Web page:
In this short exploration of beauty, Roger Scruton first lays out a set of postulates about beauty which most people would agree to reflexively and then attempts to make those postulates cohere. After a tour through the history of aesthetics in philosophy from Plato to today, Scruton proceeds to consider beauty as it manifests itself in human bodies, in the natural world, in our everyday lives, and finally in art.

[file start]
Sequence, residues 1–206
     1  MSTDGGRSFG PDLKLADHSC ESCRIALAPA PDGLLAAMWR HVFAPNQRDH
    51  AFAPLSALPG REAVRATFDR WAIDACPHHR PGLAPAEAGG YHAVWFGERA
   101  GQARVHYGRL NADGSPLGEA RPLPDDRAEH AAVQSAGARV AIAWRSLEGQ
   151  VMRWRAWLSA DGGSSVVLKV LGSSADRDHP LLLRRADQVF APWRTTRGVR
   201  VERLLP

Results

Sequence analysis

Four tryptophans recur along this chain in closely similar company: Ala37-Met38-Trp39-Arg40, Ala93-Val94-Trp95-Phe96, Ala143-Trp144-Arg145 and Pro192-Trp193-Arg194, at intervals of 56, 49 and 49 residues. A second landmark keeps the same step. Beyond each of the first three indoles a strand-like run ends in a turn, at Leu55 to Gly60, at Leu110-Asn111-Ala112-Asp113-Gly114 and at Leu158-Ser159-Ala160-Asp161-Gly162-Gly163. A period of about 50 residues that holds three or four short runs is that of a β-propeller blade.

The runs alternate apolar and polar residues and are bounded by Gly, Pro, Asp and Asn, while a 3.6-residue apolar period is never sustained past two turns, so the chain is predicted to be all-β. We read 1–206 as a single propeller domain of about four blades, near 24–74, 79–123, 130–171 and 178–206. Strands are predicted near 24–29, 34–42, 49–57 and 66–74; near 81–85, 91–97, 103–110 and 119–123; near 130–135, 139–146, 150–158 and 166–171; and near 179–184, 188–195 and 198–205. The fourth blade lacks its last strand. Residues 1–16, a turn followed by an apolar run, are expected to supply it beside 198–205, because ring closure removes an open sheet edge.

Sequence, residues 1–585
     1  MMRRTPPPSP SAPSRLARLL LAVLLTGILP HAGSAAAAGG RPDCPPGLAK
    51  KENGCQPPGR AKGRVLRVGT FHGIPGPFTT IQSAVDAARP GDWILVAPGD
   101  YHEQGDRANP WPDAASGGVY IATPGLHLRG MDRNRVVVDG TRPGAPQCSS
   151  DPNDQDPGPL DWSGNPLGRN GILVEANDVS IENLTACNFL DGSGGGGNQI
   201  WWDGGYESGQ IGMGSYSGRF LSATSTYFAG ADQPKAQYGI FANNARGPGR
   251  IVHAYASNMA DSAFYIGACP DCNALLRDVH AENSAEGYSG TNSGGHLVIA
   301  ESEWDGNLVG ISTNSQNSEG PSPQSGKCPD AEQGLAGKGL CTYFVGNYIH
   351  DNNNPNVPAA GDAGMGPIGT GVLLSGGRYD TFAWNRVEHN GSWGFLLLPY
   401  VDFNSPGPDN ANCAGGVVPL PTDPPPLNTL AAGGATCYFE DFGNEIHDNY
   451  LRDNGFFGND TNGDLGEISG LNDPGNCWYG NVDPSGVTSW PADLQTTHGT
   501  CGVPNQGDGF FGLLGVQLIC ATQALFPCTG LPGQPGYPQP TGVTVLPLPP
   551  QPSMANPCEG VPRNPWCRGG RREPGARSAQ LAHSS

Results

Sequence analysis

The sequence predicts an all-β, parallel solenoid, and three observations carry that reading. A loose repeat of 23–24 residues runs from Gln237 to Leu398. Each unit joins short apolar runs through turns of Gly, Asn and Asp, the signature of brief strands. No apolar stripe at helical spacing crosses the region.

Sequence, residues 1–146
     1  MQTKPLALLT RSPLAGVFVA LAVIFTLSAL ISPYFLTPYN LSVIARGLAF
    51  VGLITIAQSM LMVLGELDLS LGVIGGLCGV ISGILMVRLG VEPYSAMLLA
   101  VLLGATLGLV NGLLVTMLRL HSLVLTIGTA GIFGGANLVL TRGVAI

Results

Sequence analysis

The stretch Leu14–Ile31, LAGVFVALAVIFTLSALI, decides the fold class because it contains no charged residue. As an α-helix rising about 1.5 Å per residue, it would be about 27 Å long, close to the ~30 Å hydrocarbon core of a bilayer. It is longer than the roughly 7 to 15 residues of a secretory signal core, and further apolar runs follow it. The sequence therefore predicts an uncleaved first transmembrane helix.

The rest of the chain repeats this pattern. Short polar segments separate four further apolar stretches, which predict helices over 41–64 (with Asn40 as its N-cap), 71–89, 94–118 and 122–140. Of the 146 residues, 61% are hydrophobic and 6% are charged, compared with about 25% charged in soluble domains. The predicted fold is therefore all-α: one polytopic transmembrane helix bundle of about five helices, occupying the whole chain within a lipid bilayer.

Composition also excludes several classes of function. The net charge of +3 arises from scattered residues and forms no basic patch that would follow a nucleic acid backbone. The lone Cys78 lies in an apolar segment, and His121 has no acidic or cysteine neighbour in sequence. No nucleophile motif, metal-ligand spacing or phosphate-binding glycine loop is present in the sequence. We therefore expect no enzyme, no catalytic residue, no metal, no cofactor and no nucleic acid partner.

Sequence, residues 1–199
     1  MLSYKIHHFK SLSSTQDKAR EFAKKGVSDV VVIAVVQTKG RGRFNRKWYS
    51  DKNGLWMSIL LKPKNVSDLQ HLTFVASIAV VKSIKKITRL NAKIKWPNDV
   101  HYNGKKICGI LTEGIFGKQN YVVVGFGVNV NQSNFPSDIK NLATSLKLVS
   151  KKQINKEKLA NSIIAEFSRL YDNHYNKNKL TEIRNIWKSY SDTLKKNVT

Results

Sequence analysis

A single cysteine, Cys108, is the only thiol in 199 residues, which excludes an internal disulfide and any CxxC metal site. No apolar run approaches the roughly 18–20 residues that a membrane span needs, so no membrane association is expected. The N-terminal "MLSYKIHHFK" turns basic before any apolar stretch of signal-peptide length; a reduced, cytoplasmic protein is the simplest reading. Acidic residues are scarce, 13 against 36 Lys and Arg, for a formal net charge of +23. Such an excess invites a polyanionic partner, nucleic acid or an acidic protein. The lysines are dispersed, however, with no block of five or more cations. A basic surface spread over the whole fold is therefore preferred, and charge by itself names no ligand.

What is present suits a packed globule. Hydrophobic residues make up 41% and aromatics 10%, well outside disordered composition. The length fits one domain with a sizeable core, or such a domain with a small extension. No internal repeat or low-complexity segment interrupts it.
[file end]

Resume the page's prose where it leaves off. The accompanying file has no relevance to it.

Scruton does not present a systematic theory of beauty in this book, but everything he concludes is a development of his basic premises. At the center of this development is the recognition that the experience of beauty is fundamentally contemplative. Beauty, and especially artistic beauty, speaks to us of ourselves and our relationship with the world, and as a result it possesses a rational and moral dimension. Art transforms the immanent into the transcendent, the temporal into the eternal, and provides a window into the world of values. As such, true beauty judges us more than we judge it, and it is for that very reason that beauty is now widely denounced.